The creative process in advertising is the focus of this issue. In it, three scholars interview three advertising practitioners about the origins of creative ideas and their ultimate realization in the advertisements that the public sees. Each interview is a probing assessment of what are some of the most interesting ideas to those who look from the outside onto the world of advertising where do the ideas come from, and how do they become print advertisements and TV commercials?
Considerable attention has been given recently to the respective roles of author and reader in the interpretation of texts. Some scholars have even gone so far as to argue that the real authors are those of us who interpret texts whether those texts are works of literature, popular songs, television commercials, or advertising slogans. Wherever we stand theoretically on this issue, the candid statements and assessments of those who create texts are nonetheless interesting.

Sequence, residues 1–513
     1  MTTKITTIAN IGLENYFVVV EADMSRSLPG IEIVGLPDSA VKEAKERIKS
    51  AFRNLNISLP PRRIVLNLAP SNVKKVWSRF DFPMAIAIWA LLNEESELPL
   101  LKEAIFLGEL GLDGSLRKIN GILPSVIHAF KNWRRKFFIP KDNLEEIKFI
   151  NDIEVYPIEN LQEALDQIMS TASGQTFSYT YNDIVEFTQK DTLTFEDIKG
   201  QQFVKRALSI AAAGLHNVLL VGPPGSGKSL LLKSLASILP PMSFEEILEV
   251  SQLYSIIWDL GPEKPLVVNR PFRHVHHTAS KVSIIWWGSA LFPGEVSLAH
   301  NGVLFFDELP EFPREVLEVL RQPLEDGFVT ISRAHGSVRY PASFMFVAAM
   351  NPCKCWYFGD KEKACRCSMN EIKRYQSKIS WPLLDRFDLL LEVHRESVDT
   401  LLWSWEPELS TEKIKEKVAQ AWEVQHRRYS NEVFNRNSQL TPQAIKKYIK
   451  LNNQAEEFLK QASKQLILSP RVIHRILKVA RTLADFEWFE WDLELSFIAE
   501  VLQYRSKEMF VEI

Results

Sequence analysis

This issue makes available the kind of information that is usually missing in scholarship about advertising texts. Many scholars assume that "nothing is in an ad without a reason." But few have inquired into those reasons, especially reasons that exists in the minds of the creative artists who actually dream up and produce advertisements.
William M. O'Barr